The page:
4 C. Key vocabulary: 1. Heat the movement of thermal energy from a substance at a higher temperature to another at a lower temperature. 2. Conduction heat is transferred from one particle on matter to another without the movement of matter itself. 3. Radiation the transfer of energy by electromagnetic waves. 4. Convection the transfer of heat by the movement of currents within a fluid. 5. Convection current a current caused by the rising of heated fluid and sinking of cooled fluid. 6. Conductor a material that easily transfers heat between its particles. 7. Insulator a material that does not easily transfer heat between its particles. 8. Specific heat the amount of heat required to raise the temperature of one kilogram of a substance by one kelvin. D. Procedures: 1. Groups of students will brainstorm the word heat and write down on chart paper all words that relate to heat. These will be shared with the whole group. 2. Students will copy and define the terms for study. 3. Groups of students will use the materials to complete the activity in class. Place several spoons of different materials in a beaker without them touching each other. Put a small pat of butter on each utensil at the same height. Pour some hot water into the beaker and observe what happens. Students will record what happened to the butter and if it happened to each spoon. Why did this happen? 4. Place a balloon on the lip of a beaker after pouring 100 ml. of water in it. Heat up the water on a hot plate and have students observe what happens to the balloon. (It inflates.) Next place the beaker in a larger glass of cooled water and observe the reaction of the balloon. (It deflates.) Repeat the experiment again and have the students write down their observation and explain why the balloon changed shape. E. Evaluation: Students will write a paragraph that explains the difference between heat and temperature. F. Standardized Test/State Test connections: Students will demonstrate observing, inferring, and critical thinking skills. Lesson 4: Calorimeter (1 day) A. Daily Objectives: 1. Lesson Content: When hot water and cold water are mixed thermal energy is conserved. 2. Concept Objective: Conservation of thermal energy. 3. Skill Objective: Calculate the amount of heat transferred from the hot water to the cold water in the calorimeter. B. Materials: See Appendix C for a list of materials C. Key vocabulary: 1. Calorimeter a device that measures changes in thermal energy D. Procedures:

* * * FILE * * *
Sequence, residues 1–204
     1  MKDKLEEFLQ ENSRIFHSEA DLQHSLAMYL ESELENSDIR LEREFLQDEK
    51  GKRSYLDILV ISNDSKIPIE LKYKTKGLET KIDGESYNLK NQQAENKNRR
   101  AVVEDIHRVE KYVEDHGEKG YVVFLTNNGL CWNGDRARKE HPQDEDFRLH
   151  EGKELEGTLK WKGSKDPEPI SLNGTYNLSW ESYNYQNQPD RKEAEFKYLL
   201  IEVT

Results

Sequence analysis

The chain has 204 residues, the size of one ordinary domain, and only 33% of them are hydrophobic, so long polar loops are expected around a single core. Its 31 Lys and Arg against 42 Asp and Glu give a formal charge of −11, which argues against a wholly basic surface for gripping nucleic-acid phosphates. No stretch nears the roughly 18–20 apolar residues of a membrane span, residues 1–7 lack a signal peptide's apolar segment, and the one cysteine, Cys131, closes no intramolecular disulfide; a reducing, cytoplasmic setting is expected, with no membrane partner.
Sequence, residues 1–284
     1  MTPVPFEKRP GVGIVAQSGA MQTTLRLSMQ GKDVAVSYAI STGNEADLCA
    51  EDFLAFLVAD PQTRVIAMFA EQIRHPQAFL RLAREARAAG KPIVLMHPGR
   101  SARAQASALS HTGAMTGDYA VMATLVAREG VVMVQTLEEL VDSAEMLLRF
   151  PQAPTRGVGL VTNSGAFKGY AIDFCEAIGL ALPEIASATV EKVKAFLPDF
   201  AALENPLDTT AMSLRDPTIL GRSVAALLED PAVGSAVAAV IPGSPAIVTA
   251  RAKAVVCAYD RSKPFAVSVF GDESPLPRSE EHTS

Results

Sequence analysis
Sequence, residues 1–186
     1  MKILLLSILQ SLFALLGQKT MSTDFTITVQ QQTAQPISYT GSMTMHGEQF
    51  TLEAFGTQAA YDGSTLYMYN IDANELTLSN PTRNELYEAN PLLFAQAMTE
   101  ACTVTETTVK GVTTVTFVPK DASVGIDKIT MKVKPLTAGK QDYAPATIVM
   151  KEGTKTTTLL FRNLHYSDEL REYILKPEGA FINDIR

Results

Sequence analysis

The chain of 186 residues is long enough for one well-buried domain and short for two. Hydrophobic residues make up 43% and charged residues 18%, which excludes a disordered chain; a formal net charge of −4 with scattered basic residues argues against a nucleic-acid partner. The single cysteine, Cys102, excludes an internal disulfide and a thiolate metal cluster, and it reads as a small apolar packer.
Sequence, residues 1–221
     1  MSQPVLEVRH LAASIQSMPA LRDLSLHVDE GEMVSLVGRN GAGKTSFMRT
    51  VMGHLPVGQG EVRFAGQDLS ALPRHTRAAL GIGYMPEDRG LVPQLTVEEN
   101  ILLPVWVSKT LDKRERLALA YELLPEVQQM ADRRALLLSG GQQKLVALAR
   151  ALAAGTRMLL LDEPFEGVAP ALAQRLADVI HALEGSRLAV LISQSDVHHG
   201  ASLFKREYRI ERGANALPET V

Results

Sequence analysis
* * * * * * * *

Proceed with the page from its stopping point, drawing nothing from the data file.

5 1. See attached handout (Appendix C). Lesson 5: Uses of heat (1-2 days) A. Daily objectives: 1. Lesson Content: Discover differences between types of combustion engines. 1. Concept Objective: Relate thermal energy to heat engines and refrigerators. 2. Skills Objective: Develop hypotheses, classify, and organize information. B. Materials: 1. Bicycle pump 2. Deflated ball 3. Windows on Science-Physical Science, Vol.1 on heat and temperature. C. Key vocabulary: 1. Heat engine a device that converts thermal energy into mechanical energy. 2. Combustion the process of burning a fuel to produce thermal energy. 3. Internal combustion engine an engine that burns fuel inside cylinders within the engine. 4. External combustion engine an engine powered by fuel burned outside the engine. D. Procedures: 1. Have students fill the bicycle pump and deflated ball and observe if it feels cold or warm. Inflate the ball by using the pump. Students will feel the pump and ball again to see if there are any changes in temperature. They will write down an explanation for any changes that took place. 2. Students will copy and define the vocabulary words for study. 3. Observe laser disc to see examples of types of engines. Students will take notes of any differences. E. Evaluation: Students will compare and contrast the two types of heat engines by writing down how they are alike and different. F. Standardized Test/State Test Connections: Comparing/contrasting, observing, inferring, and interpreting diagrams and photographs. VI. CULMINATING ACTIVITY (2 days) 1. Materials per group: 2 shoeboxes, thermometer, hot water, plastic cup, plastic wrap, newspaper, styrofoam pieces, foam board, scissors, timer, cooler with ice inside. Students will use the material to create a house that will keep the hot water warm inside the house. Both shoeboxes will have doors and windows cut into them and plastic wrap placed over the openings. One of the shoeboxes will have no insulation and the other will have any type of insulation materials secured inside it with tape. Place a thermometer and a cup of hot water inside each shoebox. The shoeboxes should be placed inside the cooler with ice and the timer started. Time each shoebox for 5 minutes, 10 minutes, and 15 minutes. Students will record the temperatures at the end of each segment and compare the two shoeboxes to see if insulation kept the hot water warm. 2. Performance-based test on the concepts covered in this unit.